Now, she says, she is a virtual outcast in Monterrey where friends and relatives either completely avoid her or send notes saying , "Congratulations, but you must understand I can't be seen talking to you." Two of her eight children, directors in family companies, have been forced to resign, she claims, while one of her researchers has been beaten up and threatened.
Expecting problems, Salinas says she decided to write the book secretly. "With my eight children, and 17 grandchildren coming in and out all the time, it was impossible to go around hiding my papers everytime the bell rang," she says. "My children were furious about the first book. So I wrote every night from 9 till 6 the next morning. Her secretary and researchers would continue the work in the daytime."It took 3 1/2 months. I'm still exhausted from it."
If she knew there would be so much trouble, why did she write the book?
"It's something I had to do," says Salinas. And she claims further - "There are innocent people in jail blamed for Don Eugenio's assassination. My own children were cheated out of their inheritance. I've begun to understand the abuse of power and the alienation that comes from the need to gain more and more power through money. The Garza Sada family has created a state within a state. It's very dangerous. That's why they need to be unmasked." 'I Can Fight'
Her conscience, she says, does not bother her. "People have to know about those that have the economic power in Mexico. How they act, what sort of judgment they have. And anyway, all the private things I write, everyone knows about in Monterrey - employes, wives, servants. But this is how things are done high up. Everyone plays at convincing themselves that no one knows what everyone knows." The chapters full of erotic scenes she says have a purpose: "I know I'm ridiculed for that because I'm a grandmother. But I want a lot of ordinary people to read this book. Not just a few insiders, the politicians or the businessmen."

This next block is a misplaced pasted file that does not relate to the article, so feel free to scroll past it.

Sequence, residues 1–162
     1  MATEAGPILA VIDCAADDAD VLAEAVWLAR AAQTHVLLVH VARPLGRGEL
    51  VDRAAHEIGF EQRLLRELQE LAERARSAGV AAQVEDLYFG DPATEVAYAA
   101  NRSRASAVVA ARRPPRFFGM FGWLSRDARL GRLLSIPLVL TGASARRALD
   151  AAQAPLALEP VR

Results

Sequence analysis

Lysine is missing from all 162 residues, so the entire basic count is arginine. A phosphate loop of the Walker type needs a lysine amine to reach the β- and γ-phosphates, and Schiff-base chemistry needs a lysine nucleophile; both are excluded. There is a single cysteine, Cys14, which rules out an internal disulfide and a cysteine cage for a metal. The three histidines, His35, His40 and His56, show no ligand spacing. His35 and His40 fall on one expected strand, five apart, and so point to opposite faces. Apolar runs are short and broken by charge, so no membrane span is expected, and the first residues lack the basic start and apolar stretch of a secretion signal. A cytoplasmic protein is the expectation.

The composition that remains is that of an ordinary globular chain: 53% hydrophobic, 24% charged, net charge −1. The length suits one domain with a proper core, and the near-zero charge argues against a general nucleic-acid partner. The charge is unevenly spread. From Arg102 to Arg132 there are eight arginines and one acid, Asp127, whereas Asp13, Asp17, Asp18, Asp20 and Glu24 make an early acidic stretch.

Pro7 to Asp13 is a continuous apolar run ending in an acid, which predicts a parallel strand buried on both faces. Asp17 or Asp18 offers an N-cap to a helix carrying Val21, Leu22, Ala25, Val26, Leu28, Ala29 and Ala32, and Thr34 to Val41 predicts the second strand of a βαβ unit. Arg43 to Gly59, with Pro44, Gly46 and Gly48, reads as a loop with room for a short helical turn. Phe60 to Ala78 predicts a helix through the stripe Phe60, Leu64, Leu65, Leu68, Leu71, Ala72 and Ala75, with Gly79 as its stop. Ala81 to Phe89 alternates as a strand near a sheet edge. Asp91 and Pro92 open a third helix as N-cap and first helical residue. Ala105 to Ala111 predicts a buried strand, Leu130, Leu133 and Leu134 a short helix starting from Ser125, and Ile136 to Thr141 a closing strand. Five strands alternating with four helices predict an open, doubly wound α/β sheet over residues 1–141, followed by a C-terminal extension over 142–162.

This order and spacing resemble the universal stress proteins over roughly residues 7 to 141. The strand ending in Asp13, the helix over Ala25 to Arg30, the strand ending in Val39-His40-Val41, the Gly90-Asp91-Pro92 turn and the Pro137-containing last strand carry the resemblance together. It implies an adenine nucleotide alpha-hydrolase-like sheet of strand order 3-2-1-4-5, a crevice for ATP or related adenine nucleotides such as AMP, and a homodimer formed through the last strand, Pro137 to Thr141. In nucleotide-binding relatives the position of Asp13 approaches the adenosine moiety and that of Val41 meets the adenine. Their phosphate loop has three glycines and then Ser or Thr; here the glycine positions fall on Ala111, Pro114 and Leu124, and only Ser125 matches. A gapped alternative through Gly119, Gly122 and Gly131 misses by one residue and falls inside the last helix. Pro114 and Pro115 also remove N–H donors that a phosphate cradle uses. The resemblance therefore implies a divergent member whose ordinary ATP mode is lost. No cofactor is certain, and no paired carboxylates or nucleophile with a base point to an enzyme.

No member of the Garza Sada family has made statements to the press. Privately, a family member told a reporter that Salinas had caused them "terrible headaches and had to be stopped even by force. She is going mad, and the worst part is that she has money so it is difficult to stop her."
Salinas suspects that her relatives will want to ruin her economically, although "that will take them a while. But they have already managed to get an airport which I own closed down, "she claims. "It's too close to a school, I am suddenly told by the authorities. Except that school has been there for 10 years. They know of course as long as I have money. I can fight and write and pay lawyers."
Salinas says nothing can hold her back. "They also said that Martha Mitchell was mad. I will soon write another book showing the moral decay of our ruling class."